As a result, by extending the right to wireless funds, Member States would have “retained” responsibility for a higher level of protection. Therefore, the inclusion of such a right in the proposed international agreement could not undermine the EU`s common rules on proliferation law. Member States have moved the “minimum harmonisation” exception beyond the limits of their own logic. As noted above, the purpose of the exception in Findings 2/91 was to allow for an “increase in the bar”; the level of protection already provided by the common EU rules would not be affected, in the principle of the ERTA, if a proposed international agreement provides for a higher level of protection and allows the European legislator to continue to “raise” the bar if he wishes. The ECJ`s “largely covered” approach in its ERTA case line always reminds me of the reverse test it does in cases involving a “functional succession.” In cases where the EU could be bound by an international agreement involving all Member States, but not the EU, the ECJ argues that this can only be done if the areas covered by the agreement have been taken up by the EU in their “entirety”. That is why I am wondering whether the `widely covered` test has a solid legal basis and argument or whether it is merely an instrument to expand the EU`s powers outside? I tend to think it`s the last one. Therefore, if the EU can acquire implicit external competences, it is sufficient that the areas covered by the international agreement are “largely” covered by internal EU rules. However, if the EU is at risk of being subject to international obligations through a functional succession, the “fully covered” test is good for protecting the EU from international obligations. The Council and a number of Member States disagreed with the Commission.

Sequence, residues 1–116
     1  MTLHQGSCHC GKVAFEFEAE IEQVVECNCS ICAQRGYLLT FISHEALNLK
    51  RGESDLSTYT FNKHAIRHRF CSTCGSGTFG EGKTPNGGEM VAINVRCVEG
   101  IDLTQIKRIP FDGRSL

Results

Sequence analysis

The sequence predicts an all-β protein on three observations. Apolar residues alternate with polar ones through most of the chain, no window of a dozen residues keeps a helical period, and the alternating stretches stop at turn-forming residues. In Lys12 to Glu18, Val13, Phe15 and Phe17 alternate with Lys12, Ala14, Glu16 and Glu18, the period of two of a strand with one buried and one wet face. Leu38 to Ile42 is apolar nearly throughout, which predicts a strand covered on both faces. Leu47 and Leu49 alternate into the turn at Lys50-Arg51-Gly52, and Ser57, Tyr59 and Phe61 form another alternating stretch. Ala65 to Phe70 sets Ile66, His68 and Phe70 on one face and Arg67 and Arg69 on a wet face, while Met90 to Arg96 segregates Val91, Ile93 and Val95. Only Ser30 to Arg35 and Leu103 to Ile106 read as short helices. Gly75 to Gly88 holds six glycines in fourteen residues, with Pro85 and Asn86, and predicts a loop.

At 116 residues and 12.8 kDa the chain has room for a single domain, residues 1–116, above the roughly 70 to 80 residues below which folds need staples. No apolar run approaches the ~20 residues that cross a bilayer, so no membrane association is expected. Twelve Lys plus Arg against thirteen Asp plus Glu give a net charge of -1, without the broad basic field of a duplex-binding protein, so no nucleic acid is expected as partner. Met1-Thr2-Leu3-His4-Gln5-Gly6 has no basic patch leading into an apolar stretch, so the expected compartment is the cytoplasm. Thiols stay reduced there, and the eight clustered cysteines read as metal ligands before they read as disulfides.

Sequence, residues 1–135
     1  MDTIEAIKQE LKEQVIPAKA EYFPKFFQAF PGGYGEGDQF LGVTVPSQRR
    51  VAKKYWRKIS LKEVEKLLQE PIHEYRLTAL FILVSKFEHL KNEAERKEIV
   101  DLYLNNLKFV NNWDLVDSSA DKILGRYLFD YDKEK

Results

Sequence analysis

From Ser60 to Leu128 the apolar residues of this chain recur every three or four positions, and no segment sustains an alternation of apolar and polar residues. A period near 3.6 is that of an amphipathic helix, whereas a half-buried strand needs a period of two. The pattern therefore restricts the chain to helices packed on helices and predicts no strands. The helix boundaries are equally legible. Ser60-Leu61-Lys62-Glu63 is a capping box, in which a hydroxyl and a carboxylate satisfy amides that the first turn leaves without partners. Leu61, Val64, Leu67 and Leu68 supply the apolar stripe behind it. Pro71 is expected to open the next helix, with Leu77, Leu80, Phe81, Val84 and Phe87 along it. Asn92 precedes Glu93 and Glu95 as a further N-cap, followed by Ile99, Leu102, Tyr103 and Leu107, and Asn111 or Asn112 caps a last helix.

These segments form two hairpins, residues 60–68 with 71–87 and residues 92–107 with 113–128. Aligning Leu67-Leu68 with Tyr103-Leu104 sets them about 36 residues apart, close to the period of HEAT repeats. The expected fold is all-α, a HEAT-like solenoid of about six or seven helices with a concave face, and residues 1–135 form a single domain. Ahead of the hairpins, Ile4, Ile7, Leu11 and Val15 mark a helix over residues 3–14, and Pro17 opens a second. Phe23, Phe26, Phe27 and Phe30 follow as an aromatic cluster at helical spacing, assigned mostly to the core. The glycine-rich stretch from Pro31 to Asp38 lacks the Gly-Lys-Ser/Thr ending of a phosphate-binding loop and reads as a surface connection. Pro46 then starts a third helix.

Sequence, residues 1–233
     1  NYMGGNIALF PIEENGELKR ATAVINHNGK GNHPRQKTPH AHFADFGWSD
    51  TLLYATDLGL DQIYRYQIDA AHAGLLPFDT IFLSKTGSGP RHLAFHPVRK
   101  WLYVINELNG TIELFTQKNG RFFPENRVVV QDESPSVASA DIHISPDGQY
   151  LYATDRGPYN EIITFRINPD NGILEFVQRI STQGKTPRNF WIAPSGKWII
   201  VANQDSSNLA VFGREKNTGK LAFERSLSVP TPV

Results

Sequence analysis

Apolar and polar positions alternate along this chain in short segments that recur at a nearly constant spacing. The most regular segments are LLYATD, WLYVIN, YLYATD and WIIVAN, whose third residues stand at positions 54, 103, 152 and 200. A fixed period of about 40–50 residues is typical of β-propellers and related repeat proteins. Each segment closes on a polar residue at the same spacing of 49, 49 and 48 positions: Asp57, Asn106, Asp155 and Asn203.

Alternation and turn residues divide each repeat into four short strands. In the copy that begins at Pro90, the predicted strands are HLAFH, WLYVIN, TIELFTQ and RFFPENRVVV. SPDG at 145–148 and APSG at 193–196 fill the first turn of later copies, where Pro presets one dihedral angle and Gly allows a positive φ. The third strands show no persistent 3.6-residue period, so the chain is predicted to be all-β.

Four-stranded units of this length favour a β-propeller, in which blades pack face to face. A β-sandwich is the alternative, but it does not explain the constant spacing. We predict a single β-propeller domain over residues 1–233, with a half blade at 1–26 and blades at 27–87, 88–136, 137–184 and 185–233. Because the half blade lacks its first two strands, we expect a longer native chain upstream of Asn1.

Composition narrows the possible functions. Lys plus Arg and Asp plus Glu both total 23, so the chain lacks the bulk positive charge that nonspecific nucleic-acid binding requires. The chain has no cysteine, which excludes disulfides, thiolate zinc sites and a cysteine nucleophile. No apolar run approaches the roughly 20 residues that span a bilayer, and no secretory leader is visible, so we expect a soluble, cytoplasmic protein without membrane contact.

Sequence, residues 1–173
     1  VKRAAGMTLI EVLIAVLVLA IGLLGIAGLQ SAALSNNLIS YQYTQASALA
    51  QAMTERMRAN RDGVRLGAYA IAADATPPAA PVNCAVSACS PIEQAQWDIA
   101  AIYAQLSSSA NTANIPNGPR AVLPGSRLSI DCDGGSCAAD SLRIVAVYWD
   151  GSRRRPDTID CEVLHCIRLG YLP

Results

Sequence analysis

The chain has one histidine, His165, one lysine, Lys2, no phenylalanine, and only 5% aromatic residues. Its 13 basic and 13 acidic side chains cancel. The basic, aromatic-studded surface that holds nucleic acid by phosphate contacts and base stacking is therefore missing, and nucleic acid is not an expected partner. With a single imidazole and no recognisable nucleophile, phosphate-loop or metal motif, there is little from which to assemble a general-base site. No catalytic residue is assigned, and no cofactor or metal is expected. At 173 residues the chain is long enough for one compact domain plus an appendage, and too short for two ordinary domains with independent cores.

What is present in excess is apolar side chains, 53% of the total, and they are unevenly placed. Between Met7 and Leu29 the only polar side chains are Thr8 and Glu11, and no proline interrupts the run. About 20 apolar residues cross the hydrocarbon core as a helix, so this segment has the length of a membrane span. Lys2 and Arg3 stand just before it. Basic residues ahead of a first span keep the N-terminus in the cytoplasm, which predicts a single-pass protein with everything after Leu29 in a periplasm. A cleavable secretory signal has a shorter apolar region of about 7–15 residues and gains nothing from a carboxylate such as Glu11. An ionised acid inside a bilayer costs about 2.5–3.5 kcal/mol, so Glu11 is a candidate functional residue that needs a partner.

They criticised the Commission`s “wholesale trade” approach, which stated that it was enough to “cover a sector to a large extent” to have an ERTA effect. In the view of the Member States and the Council, “a conclusion [in favour of an ERTA effect] can only be drawn after a precise and specific analysis of the nature and content of the EU rules at issue and the relationship between those rules and the draft agreement establishing that this agreement is likely to affect these rules or change their scope” (point 50). The justification for the exception was reasonable: if the EU legislator itself allows Member States to “raise the bar further” and if the international agreement proposed by the Member States does not prevent the EU from lowering the bar further, the international agreement of the Member States would probably not affect the “common rules or change their scope” within the meaning of the ERTA principle. [3] In the Court`s view, this regime is different from the one at issue in findings 2/91. In this opinion, the UNION wanted to reach an agreement in an area where the EU itself did not have the power to fully harmonize the legislation; its jurisdiction was limited to setting minimum standards (see Article 118 bis CEE).

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